1974 Brought Record Storms, Tornadoes, Flooding And Drought

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4 Responses to 1974 Brought Record Storms, Tornadoes, Flooding And Drought

  1. Eric Simpson says:

    Steven, I got the feeling that George Will has been reading Real Science, as he wrote today: Barack Obama — with the lowest approval rating (according to Gallup, 50 percent, four points lower than that of the National Rifle Association) of any re-elected president when inaugurated since the Second World War — has a contradictory agenda certain to stimulate a conservative revival….
    And later in the article: Obama says “the threat of climate change” is apparent in “raging fires,” “crippling drought” and “more powerful storms.” Are fires raging now more than ever? (There were a third fewer U.S. wildfires in 2012 than in 2006.) Are the number and severity of fires determined by climate change rather than forestry and land use practices? Is today’s drought worse than, say, that of the Dust Bowl, and was it caused by 1930s global warming? As for “more powerful storms”:
    Because Sandy struck New York City, where the nation’s media now congregate and participate in the city’s provincialism, this storm was declared more cosmically momentous than the 74 other hurricanes that have hit or come near the city since 1800. In 2005, Hurricane Katrina was called a consequence of global warming and hence a harbinger of increasing numbers of Category 3 or higher hurricanes. Since then, major hurricane activity has plummeted. No Category 3 has hit the U.S. since 2005. Sandy was just a Category 1.

  2. Noelene says:

    http://www.warwickdailynews.com.au/news/warwick-kilarney-stanthorpe-high-flood-alert/740980/
    SOUTHERN Downs Mayor Ron Bellingham has warned the region to brace itself for a flood “equal to the Christmas flood or bigger than 1976″.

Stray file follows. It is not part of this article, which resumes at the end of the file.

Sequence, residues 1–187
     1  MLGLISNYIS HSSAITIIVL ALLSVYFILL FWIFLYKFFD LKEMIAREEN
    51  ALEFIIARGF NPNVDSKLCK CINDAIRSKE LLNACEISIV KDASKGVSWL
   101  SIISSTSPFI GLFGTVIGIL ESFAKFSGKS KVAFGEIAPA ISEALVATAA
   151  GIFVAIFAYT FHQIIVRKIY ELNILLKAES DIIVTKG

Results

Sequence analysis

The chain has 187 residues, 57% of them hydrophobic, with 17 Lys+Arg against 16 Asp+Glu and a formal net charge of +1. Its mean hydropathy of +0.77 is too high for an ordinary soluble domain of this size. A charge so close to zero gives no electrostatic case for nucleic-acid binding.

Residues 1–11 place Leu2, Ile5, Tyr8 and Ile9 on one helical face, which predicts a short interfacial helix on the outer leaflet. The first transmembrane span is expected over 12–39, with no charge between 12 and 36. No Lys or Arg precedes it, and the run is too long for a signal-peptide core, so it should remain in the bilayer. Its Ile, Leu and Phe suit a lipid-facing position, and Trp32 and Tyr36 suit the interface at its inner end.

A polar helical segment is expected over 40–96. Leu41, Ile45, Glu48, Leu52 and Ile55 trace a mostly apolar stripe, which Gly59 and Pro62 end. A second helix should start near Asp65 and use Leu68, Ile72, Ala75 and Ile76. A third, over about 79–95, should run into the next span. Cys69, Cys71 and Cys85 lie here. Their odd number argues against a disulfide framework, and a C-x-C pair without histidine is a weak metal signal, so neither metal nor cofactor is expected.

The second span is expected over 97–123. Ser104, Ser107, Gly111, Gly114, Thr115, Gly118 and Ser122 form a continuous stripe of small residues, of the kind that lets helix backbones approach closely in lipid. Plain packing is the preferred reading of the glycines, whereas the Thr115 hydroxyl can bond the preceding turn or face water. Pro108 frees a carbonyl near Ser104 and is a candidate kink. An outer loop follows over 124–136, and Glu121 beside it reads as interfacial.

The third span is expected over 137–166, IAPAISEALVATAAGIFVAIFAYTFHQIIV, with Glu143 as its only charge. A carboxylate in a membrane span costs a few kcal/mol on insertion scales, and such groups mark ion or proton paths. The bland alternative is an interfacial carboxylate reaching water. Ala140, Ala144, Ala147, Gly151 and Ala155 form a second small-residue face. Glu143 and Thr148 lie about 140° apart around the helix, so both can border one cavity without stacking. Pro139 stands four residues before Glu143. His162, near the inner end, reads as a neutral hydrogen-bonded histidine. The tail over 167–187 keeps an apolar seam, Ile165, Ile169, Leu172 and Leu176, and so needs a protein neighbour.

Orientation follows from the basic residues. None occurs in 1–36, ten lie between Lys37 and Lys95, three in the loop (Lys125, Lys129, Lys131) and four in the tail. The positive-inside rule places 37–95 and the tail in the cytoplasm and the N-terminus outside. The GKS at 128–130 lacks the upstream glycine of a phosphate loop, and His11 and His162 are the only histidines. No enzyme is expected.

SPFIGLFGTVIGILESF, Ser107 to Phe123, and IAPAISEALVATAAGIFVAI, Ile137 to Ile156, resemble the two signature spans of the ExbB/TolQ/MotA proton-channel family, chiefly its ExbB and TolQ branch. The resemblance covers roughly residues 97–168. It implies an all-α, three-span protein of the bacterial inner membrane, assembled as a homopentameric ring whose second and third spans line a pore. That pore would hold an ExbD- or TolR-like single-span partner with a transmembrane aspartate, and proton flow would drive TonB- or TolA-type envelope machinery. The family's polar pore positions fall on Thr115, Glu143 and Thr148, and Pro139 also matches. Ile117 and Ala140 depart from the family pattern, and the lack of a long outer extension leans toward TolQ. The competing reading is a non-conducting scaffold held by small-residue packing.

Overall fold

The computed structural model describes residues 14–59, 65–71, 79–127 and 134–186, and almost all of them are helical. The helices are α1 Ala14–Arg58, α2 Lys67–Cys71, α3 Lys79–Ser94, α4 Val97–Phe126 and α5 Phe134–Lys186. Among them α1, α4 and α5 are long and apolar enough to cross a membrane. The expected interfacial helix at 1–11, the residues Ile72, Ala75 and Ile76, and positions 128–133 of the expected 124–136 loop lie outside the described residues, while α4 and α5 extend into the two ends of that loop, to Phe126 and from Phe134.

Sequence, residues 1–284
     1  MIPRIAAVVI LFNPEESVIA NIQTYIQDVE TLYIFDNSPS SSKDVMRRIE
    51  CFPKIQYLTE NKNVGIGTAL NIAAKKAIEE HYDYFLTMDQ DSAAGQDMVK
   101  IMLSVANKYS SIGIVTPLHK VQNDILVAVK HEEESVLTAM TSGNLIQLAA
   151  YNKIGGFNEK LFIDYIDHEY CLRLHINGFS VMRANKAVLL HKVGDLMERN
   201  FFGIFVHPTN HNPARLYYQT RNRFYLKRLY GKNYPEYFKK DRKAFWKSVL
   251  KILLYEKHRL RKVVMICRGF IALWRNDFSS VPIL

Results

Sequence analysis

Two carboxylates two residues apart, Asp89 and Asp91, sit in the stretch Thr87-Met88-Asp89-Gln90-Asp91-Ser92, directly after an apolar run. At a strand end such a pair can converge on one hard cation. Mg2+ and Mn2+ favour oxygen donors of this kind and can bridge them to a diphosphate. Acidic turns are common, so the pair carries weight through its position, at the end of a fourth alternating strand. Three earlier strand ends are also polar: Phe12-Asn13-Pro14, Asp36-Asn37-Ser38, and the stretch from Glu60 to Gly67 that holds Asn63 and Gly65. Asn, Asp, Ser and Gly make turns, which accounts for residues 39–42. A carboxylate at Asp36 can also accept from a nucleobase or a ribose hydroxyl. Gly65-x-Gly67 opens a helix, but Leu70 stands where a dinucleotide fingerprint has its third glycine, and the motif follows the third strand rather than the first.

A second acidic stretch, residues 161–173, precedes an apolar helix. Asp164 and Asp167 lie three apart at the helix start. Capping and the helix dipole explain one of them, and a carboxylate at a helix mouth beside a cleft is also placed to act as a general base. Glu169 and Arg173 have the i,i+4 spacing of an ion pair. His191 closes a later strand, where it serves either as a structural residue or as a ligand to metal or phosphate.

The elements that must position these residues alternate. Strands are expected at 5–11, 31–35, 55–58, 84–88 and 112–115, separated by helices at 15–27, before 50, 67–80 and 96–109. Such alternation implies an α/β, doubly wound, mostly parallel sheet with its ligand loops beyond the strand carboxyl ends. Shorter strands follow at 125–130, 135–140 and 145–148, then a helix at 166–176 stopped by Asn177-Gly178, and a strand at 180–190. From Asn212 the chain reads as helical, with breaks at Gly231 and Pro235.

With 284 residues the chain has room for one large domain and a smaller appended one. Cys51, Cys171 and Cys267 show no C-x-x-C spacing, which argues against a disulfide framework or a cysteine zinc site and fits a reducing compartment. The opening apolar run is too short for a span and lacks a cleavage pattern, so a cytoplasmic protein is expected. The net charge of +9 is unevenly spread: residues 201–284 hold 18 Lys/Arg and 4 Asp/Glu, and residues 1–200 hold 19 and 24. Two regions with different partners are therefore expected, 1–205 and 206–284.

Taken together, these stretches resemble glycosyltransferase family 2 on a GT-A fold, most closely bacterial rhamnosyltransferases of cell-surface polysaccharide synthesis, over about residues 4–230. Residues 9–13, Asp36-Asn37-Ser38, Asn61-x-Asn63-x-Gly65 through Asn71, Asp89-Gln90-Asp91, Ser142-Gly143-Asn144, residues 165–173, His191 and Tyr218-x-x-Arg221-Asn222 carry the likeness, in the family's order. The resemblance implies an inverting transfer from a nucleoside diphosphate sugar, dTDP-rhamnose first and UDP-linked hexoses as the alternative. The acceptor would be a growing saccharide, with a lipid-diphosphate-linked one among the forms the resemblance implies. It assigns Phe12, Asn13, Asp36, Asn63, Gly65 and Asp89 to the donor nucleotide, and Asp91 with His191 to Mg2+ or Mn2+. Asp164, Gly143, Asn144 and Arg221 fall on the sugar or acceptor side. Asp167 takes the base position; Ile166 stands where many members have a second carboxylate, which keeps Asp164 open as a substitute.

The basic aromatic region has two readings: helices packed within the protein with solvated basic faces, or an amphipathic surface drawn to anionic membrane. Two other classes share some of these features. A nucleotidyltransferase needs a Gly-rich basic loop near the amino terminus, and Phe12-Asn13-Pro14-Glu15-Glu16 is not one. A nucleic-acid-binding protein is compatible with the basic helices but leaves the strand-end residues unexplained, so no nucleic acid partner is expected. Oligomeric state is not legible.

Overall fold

The Condamine River could peak at eight or possibly nine metres by the evening, with the 1976 flood, the highest on record, peaking at 9.1 metres.

  3. Rosco says:

    Brisbane flooded over the Australia Day weekend in 1974. In 2013 it was again the Australia Day weekend with “ex” tropical cyclone Oswald bringing more flooding – 2 years after the 2011 January floods.

    Neither 2011 or 2013 were as big a flood event as 1974 which was, according to historical records, not as big a flood event as 1893.

    When I went to school in the 60’s we had a flood in the local creek almost yearly and had massive fun “rafting” down the floodwaters on tractor inner tubes.

    Cyclone Tracy hit Darwin on christmas eve in 1974.

    Have to say that Oswald was different though – cyclones usually rapidly deteriorate once they croos onto land – they may continue heavy rain but the winds usually die down quickly.

    Oswald has been over land for many days and the wind gusts – some up to 140 km / hour – have persisted despite the centre being over 100 km inland for more than a week – that is wierd !
    .
    Something was feeding energy into this thing – maybe it was the missing heat Trenberth has been looking for ?

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